Can you quit your job without another one lined up? Is that even a thing? Or is that just something headstrong twenty-somethings do in rom coms?
Today, two-time career-changer-and-job-leaver Ashlee Piper tells us how you can leave a job without having another . She’s got great tips on creating an escape plan, making peace with this new stage of your life, and staying positive while you rebuild your professional life. So good!
It was a nearly nightly occurrence: I’d leave my office at such a late hour that the winter sky was as dark as it was when I’d arrived early that morning. I’d trudge home, sidetracked by the shops where I’d spend money on shit I didn’t need because I was stressed/sad/searching for something that can’t be found in stores.
I’d go home, zap a microwave meal, and spend hours obsessively fielding work emails, feeling frustrated, undervalued, and freaked out about their contents. Then I’d go to sleep, all wound up, preparing to do it all over again the next day. Sounds pretty rad, right?
Don’t get me wrong, friends: I had a pretty awesome career as a political strategist for a decade. But when I turned 31, something shifted. I was saddled with the unshakeable feeling that I could be doing something more, that I was living a life that was expected of me, as opposed to something that really lit me up.
Sound familiar? Such an existential professional crisis can be scary, especially if you’ve been building to said career for years, even decades, and at a time when having a job is something to be profoundly grateful for, questioning your trajectory can feel eye-rollingly self-indulgent.
I’m not here to tell you whether or not you should move on; There are plenty of resources for that. No, no. As someone who’s left corporate America twice to venture out on my own (and have happily landed to create a career and life that rock my socks), I’m here to share what you can do in the meantime to prepare to leave and make the most of your downtime after you do.
Let me be clear: Leaving a job without another one lined up is not for the weak or meek.
It will beat you up a bit, but with the following strategies, you can use this precious time to build yourself back up, stronger, clearer, and more successful than ever.
When you’re getting ready to quit:
Create an Escape Route
Okay, so you’ve thought about it a lot and you want to leave, but you’re not sure what you want to do next. Get in line, bro. That feeling is kind of like being in a dysfunctional relationship – you know it’s not the right situation, but you can’t exactly pinpoint why, and leaping into the unknown feels scary as hell.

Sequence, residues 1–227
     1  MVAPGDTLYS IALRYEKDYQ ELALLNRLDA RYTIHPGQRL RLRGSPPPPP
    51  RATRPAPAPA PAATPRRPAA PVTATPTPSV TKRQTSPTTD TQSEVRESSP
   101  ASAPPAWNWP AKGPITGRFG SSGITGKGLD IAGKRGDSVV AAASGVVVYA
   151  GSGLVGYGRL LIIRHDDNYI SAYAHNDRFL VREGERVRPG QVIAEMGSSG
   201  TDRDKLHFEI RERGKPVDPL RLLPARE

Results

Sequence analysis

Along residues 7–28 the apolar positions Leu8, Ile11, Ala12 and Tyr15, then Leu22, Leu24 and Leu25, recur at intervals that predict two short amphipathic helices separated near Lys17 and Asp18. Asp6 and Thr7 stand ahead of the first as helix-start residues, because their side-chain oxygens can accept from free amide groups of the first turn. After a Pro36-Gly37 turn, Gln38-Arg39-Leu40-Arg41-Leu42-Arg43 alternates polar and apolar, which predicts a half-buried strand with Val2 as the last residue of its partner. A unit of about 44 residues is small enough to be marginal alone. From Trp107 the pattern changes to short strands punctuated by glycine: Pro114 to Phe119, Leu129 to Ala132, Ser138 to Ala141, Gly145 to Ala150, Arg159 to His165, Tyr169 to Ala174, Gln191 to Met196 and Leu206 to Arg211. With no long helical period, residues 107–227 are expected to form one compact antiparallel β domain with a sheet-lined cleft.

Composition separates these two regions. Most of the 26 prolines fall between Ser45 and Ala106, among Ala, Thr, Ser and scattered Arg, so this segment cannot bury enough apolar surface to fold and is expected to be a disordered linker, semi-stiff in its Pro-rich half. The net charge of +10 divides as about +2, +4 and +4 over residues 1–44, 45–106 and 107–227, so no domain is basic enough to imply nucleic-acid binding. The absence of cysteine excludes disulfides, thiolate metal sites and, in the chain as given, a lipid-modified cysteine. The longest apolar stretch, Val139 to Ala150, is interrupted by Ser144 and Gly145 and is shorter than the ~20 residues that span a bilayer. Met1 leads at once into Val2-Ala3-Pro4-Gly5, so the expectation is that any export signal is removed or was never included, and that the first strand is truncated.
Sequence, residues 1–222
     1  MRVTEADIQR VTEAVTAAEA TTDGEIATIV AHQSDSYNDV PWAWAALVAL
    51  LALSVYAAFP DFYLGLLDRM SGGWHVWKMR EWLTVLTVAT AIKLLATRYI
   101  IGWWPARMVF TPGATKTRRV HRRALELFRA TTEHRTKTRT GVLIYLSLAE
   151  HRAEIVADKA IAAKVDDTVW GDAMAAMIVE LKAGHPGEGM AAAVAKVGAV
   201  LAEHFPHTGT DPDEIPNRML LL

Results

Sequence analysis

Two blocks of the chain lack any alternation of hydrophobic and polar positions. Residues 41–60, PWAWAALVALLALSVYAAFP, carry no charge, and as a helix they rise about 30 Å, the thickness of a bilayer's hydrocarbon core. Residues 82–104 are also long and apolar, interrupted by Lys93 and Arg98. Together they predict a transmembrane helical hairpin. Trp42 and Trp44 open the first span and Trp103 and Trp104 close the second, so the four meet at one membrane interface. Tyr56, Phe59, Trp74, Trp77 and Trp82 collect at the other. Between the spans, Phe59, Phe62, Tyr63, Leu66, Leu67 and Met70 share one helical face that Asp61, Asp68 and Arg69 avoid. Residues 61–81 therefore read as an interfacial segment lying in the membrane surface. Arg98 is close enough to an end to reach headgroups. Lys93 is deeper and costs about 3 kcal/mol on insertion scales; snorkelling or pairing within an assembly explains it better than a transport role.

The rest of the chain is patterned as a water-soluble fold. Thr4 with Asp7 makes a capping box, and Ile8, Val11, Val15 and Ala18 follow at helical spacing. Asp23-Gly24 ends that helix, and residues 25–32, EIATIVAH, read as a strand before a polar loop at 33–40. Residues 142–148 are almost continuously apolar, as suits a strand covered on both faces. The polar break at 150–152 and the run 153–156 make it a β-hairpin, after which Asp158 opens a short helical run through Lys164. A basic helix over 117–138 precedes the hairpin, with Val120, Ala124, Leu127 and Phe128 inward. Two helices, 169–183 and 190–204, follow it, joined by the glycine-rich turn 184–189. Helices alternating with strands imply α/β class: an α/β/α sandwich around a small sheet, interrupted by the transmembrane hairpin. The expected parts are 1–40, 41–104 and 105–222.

You know what will make it feel better, even if you don’t know which way is up? Making a plan. Yes, as Tony Robbins (mad love for you, man) as it may sound, making a plan, or an “Escape Route” will not only make you feel pragmatic, which is a great way to combat depression and stagnation but will give you something tangible to work toward.
And hey, if you decide not to leave and make it work in your current gig, your Escape Route usually gives you valuable tools and insights to get you closer to that realization. Win/Win.
Choose your format du jour (I did MS Project, but that’s the consultant in me) and start thinking about milestones and timelines that, if completed, would give yourself permission to make the leap. To start, as yourself the following questions:
- How much money do I want/need to save up to live comfortably for six months (or more)?
- What do I need to complete before I leave? (Recommended: Pay off debts, handle medical appointments while you still have that rad insurance, revamp your resume)?
- What can I do to make each day at this current gig more bearable, edifying, and joyful? (this is the secret sauce for making it work or determining that it’s time to shove along. Try it; you may surprise yourself. Sometimes a small shift in perspective and practice is all you need to make your current job your dream job).
Do the Inner Work
Yeah, I’m about to sound really new-agey, but this is the part that will throw you for a loop if you don’t get a handle on it stat. For years, I secretly relished telling people that I was a political strategist. You probably like having a tidy explanation of what you do to keep the lights on.